• 2 TB. coconut oil or tallow
  • 1/2 tsp. turmeric
  • 1/4 tsp. himalayan sea salt
  • 1 cup bone broth

* avocado is listed as a moderate FODMAP food, but for those of us that need larger quantities of fat (are very active), avocados that are NOT very ripe contain less FODMAPs!

I usually start by throwing my bone broth in a pot and bringing that to a boil. Once boiling I remove it from the heat and put it in my mug with 1 TB. of coconut oil. Once the oil has melted I blend and forth it with my handily frother and set it aside to cool.

In a large skillet I melt the other TB of coconut oil or tallow(from the broth) over medium heat. Then I add in the greens, pre-cooked meat, turmeric and salt. Sauté until the greens have wilted and the meat is warm, then transfer to a bowl or plate. Top with avocado and enjoy with the bulletproof bone broth



Shepard’s Pie (Paleo, AIP, LowFODMAP, 21DSD)

Shepard’s pie is one of my all time favorite meals and generally a crowd pleaser for paleo and non-paleo folks alike! This recipe can also be modified in many areas and still come out amazing! My recipe in particular is an AIP and LowFODMAP version, so I made sure to find bacon that did not contain sugar or nightshade spices, used veggies that were low in FODMAP’s and topped the pie with mashed butternut squash instead of potatoes.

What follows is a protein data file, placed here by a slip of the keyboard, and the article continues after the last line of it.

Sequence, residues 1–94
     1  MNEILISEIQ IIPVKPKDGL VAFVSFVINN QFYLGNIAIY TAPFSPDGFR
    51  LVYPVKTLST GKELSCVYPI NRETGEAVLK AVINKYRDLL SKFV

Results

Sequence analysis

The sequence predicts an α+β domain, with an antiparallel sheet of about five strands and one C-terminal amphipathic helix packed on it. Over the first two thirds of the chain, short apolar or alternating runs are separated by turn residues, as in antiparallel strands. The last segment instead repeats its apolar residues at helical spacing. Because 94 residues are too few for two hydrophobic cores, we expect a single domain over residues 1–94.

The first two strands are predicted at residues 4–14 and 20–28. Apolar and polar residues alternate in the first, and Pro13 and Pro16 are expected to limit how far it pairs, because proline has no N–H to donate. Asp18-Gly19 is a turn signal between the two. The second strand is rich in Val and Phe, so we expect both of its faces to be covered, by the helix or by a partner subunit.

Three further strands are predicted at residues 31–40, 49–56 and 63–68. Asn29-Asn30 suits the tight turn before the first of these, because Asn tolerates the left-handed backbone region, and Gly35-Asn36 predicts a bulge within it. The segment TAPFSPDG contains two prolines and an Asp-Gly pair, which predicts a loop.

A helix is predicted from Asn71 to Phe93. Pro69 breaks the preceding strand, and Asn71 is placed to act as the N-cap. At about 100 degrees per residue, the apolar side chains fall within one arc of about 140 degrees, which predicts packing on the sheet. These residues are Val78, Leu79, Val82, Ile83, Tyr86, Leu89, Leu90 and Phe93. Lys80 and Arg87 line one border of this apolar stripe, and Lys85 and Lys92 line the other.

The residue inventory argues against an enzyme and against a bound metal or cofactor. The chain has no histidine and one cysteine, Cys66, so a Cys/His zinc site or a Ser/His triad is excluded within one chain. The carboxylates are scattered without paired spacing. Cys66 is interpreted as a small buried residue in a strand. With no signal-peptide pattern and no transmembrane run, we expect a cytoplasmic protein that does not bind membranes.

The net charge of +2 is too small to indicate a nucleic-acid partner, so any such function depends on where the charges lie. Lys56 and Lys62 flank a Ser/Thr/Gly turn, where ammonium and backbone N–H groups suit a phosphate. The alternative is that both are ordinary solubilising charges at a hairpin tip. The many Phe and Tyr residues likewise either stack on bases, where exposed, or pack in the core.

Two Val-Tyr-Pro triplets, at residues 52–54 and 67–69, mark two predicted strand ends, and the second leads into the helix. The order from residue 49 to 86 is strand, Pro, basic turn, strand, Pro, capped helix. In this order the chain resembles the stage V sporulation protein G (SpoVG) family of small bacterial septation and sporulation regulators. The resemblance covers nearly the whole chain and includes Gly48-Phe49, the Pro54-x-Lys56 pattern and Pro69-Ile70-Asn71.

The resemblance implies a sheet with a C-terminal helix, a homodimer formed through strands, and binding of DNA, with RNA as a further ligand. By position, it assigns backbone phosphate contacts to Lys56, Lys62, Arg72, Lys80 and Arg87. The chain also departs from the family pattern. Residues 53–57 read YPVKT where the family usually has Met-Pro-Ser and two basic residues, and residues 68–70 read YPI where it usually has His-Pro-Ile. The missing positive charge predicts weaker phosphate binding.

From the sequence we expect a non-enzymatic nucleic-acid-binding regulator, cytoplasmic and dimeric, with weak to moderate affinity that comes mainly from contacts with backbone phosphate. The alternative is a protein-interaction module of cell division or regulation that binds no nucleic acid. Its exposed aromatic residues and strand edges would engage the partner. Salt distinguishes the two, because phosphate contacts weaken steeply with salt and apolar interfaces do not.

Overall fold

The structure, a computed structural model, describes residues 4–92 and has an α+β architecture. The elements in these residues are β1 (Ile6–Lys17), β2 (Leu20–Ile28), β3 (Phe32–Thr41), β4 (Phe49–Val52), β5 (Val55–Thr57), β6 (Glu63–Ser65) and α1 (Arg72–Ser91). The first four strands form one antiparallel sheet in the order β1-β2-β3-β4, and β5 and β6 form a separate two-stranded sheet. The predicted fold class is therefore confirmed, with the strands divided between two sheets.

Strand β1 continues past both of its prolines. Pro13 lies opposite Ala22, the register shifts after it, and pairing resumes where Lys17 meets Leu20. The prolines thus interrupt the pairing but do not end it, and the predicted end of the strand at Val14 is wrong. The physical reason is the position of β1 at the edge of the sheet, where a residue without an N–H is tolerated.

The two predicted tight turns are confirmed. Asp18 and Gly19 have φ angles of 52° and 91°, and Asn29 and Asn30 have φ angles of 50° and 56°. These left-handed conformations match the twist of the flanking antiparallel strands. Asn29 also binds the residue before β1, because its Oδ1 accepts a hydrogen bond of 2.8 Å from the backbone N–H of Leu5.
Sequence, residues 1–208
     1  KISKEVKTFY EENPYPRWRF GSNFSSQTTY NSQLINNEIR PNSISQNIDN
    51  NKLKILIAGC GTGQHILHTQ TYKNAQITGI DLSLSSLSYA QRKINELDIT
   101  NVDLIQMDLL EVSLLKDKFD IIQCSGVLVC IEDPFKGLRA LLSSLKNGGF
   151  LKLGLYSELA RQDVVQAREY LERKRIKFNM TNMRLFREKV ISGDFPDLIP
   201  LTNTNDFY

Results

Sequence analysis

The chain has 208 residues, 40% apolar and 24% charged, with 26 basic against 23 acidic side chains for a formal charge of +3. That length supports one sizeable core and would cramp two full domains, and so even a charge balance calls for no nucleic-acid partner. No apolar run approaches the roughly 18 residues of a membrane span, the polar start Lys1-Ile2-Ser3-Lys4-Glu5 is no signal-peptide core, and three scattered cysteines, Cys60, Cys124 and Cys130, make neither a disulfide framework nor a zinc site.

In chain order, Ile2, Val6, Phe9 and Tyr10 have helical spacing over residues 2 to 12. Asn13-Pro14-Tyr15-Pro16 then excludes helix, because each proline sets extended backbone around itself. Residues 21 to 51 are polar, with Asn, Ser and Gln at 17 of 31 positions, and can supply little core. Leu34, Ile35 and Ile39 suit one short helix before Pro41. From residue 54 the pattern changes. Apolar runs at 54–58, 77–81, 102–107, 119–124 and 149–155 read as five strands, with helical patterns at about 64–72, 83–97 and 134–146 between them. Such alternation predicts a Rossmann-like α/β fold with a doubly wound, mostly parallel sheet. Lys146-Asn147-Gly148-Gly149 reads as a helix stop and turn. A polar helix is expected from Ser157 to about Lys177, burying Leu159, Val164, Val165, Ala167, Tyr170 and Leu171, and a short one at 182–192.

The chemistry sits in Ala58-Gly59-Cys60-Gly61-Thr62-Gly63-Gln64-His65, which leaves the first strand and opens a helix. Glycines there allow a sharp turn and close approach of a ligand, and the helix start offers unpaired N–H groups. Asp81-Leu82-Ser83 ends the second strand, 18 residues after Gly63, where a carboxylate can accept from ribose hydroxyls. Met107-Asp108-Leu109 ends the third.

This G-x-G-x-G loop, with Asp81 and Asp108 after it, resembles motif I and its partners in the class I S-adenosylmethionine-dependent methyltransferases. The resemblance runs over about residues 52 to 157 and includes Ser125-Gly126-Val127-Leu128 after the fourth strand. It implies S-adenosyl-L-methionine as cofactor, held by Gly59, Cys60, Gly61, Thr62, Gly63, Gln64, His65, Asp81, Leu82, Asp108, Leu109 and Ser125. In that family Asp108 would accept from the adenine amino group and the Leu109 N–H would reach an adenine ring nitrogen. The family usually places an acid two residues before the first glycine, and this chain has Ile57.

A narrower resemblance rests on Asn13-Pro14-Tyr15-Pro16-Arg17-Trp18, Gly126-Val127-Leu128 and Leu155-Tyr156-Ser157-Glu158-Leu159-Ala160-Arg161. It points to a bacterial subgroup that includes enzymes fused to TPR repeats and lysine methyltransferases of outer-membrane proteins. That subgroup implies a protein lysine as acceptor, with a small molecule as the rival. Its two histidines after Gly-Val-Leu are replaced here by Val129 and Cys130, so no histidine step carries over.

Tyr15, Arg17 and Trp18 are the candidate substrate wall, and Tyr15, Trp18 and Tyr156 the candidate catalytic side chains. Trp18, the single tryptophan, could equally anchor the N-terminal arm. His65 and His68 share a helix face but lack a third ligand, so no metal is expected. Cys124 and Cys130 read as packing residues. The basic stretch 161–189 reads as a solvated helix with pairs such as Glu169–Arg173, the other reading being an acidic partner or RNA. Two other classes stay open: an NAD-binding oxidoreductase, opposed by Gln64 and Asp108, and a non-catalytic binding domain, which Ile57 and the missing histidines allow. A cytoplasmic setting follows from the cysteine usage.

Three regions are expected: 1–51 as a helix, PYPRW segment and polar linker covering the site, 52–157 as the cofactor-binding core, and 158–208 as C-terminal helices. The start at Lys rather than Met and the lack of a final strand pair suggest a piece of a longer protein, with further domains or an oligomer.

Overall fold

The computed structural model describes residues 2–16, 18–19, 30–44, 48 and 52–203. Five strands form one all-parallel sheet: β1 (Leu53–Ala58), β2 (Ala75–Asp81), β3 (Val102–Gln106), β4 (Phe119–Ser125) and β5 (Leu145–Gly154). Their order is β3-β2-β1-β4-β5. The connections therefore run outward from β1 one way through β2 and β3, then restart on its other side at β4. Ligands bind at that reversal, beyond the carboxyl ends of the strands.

The Wellshire brand of bacon is a great Sugar-Free option if you can find it! They carry it at most Whole Foods and at River Valley Market in Northampton if you live in this area. I would also advocate still reading the label, the bacon in the picture I found still contains trace amounts of nightshade spices while a slightly different one from the same brand did not.



  • 2 lbs. grassfed ground beef
  • 6 slices of bacon (or more if your like me and have a hard time resisting the bacon while your cooking… hashtag: no self control)
  • 2 cups spinach, coarsely chopped
  • 2 cups carrots, cut into 1/4″ cubes
  • 1 large butternut squash
  • 2 TB. coconut oil
  •  2 tsp. dried thyme
  • 1 tsp. cinnamon
  • 1/2 tsp. freshly ground black pepper
  • 1/2 tsp. sea salt


-Put a large pot of water on the stove over medium-high heat until boiling and preheat oven to 350 degrees

-While water is heating up peel and scoop the guts out of the squash then chop into 1/2 inch chunks

-Place squash into boiling water and cook for 30-40 minutes until you can easily pierce them with a fork

-Drain squash and set aside in a large bowl

-While Squash is boiling, start cooking the bacon in a large cast iron skillet over medium heat until bacon is cooked- but not crispy

-Remove the bacon from the skillet and set aside to cool, keeping the bacon fat in the skillet

-Add carrots to the skillet and cook for 6-8 minutes until they are fork tender

-Remove carrots from the skillet and set them aside

-Add ground beef to the skillet and cook for 2-3min then add in the rosemary, thyme, salt and pepper